There are over 240 different dog breeds and types that are present in sufficient numbers to be recognisable and/or recognised as breeds somewhere in the world, and naturally, some of these are a lot more common and popular in the UK than others.
The popularity of different dog breeds can of course fluctuate significantly over time, and generally this is slow process that takes many years or even decades to see switches in position at the most popular end of the scale, albeit this is something that the French bulldog breed has broken all kinds of records for in the last decade!
However, if you were asked to guess the top five most popular dog breeds in the UK, most dog lovers could probably make a fair attempt and name five breeds that are at least within the top twenty if you’re fairly observant, as these breeds are a common sight all over the country.
Pets4Homes is the UK’s largest dedicated pet classifieds website, forum, and advice portal, and we like to think we know a thing or two about the most in-demand dog breeds a result of this! With this in mind, we’ve used data from Pets4Homes’ own records plus those published by The Kennel Club to share five fascinating comparisons of the UK’s five most popular dog breeds. Read on to learn more.
If you were asked to guess the UK’s most popular dog breeds, would you be right – or even in the right ballpark?
We’ve collated data on the number of adverts for dogs and litters for sale placed on Pets4Homes over the last year to rank the five most popular dog breeds in the UK, from one to five.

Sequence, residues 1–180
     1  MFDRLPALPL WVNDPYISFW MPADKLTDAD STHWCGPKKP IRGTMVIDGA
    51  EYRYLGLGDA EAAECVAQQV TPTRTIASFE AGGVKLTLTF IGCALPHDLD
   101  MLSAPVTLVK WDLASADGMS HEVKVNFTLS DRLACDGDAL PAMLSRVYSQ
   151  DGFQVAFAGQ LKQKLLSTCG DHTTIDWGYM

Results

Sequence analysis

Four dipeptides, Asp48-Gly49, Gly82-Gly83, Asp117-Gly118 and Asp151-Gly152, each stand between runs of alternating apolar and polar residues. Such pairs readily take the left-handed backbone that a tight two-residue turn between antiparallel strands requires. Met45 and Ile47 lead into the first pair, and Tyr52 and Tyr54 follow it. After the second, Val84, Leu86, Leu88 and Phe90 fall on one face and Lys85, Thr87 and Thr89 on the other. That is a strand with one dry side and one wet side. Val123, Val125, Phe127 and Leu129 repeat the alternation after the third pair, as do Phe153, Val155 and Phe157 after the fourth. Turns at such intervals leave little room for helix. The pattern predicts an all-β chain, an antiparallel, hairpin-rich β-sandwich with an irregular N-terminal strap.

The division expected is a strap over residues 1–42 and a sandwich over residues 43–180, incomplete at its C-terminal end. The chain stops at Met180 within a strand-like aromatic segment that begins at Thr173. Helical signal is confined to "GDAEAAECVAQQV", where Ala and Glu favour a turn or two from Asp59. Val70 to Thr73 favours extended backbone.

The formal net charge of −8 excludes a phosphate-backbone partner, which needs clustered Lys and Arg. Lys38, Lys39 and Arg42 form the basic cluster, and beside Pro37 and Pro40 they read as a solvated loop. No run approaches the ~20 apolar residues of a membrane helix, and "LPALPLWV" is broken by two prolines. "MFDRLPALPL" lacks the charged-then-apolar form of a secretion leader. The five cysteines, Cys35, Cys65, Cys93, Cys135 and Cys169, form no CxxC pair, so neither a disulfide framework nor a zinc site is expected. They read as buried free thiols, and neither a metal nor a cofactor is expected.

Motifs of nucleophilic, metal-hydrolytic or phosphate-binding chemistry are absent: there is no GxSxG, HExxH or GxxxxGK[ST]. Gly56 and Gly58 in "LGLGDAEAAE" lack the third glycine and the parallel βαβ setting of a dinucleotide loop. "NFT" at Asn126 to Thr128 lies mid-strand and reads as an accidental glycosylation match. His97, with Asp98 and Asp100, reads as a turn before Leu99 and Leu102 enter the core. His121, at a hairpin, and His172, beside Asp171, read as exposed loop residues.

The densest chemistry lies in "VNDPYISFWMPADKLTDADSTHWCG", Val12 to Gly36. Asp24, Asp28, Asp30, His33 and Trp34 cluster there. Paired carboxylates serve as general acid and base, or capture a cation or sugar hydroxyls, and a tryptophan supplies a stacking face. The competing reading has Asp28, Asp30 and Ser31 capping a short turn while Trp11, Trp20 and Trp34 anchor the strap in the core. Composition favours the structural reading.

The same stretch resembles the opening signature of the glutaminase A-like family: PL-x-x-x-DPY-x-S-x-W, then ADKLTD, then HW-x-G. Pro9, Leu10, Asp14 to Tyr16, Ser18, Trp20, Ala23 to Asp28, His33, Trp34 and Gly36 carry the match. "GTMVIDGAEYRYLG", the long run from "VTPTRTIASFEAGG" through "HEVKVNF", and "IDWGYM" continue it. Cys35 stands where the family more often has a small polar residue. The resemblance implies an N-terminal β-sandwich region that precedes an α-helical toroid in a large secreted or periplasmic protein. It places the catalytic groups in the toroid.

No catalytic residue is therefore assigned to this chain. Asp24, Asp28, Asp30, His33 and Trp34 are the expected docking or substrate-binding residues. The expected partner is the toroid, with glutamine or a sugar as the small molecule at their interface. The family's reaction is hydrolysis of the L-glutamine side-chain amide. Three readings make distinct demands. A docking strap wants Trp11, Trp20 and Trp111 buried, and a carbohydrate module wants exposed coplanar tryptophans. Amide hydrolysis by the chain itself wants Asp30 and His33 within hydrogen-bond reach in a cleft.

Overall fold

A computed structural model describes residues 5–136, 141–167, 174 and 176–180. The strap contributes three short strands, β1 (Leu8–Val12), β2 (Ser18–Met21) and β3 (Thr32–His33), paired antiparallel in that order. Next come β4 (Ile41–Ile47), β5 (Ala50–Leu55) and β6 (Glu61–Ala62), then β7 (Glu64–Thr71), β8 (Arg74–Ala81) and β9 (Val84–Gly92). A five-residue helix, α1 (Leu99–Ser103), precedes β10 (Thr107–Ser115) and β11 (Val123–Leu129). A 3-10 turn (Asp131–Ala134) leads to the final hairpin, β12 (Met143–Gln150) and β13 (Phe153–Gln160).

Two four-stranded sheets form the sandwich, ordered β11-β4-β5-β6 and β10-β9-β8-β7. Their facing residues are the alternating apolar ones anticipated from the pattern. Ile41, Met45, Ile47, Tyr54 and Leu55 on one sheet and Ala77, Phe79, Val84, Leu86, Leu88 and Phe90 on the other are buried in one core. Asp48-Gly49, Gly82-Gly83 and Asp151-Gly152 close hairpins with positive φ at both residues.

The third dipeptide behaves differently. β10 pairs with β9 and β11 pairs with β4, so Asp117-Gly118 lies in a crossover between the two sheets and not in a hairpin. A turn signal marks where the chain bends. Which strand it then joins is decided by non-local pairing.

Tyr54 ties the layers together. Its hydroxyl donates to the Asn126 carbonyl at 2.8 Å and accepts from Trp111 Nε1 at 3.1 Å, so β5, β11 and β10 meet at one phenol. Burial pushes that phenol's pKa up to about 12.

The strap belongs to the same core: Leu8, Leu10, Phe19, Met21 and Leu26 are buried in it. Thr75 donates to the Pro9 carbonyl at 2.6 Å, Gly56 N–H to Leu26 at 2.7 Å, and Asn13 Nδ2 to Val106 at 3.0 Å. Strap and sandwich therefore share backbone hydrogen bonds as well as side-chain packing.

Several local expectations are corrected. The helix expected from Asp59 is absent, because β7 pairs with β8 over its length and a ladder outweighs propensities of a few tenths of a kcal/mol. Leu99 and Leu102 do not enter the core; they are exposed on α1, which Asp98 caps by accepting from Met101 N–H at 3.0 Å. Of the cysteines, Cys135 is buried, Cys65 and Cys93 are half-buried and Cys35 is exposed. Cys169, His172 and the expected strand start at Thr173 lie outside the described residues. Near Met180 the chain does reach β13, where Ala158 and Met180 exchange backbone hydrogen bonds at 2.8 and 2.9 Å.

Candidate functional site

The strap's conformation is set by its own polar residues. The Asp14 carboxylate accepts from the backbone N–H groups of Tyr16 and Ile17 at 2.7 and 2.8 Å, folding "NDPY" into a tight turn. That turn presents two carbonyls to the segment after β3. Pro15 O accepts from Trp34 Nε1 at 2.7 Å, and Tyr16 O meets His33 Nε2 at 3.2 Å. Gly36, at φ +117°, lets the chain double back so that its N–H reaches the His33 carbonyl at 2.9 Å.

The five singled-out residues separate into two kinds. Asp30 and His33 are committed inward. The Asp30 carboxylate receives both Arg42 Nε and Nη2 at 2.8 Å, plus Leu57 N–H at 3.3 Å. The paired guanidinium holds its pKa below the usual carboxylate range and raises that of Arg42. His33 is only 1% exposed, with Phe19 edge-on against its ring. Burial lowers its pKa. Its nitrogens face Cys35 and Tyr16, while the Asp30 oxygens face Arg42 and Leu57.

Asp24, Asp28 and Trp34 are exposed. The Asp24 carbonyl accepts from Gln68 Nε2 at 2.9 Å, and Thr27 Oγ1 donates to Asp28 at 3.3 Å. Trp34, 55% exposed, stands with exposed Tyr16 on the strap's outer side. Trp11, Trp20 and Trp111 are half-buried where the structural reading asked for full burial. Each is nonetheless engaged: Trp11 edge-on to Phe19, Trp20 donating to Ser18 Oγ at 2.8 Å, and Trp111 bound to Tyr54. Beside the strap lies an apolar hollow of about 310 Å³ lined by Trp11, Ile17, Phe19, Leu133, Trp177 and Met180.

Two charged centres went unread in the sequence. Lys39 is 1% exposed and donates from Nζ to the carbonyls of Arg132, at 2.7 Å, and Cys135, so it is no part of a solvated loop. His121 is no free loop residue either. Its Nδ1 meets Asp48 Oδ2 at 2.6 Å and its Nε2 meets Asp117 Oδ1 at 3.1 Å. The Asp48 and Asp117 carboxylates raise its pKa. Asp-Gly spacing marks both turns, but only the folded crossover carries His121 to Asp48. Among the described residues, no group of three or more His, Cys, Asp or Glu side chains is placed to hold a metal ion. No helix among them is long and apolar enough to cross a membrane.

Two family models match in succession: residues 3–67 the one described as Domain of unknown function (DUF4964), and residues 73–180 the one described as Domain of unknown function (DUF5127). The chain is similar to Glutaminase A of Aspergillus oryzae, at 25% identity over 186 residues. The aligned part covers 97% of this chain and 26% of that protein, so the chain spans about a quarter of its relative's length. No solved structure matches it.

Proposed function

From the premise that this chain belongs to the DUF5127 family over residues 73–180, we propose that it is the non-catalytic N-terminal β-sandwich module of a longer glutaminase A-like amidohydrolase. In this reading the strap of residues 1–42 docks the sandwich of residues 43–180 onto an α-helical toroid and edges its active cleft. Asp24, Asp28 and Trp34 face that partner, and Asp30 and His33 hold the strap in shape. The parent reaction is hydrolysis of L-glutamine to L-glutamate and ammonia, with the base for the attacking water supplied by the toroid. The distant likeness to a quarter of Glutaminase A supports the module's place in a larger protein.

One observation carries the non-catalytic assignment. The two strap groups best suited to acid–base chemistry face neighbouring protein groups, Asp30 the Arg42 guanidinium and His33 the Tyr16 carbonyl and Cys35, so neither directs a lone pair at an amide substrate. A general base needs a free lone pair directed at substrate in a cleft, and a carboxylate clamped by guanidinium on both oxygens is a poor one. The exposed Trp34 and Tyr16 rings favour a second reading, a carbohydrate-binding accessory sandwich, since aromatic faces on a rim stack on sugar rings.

We’ve also shown how this matches up to the Kennel Club’s figures from 2018, which are based purely on the number of new pedigree puppies of each breed registered with them.
The Kennel Club’s first placed pedigree breed by puppy registrations: The French bulldog
As you can see, Pets4Homes and The Kennel Club both recognise the French bulldog as the UK’s most popular breed!
The Kennel Club’s second placed pedigree breed by puppy registrations: The Labrador retriever
Quite a difference here… Pets4Homes sees the Chihuahua as the second most commonly advertised dog breed, whilst the Kennel Club makes this the Labrador retriever, so our two second-placed breeds would really struggle to be more different from each other! Pets4Homes ranks the Labrador in 6th place, just outside of the top five.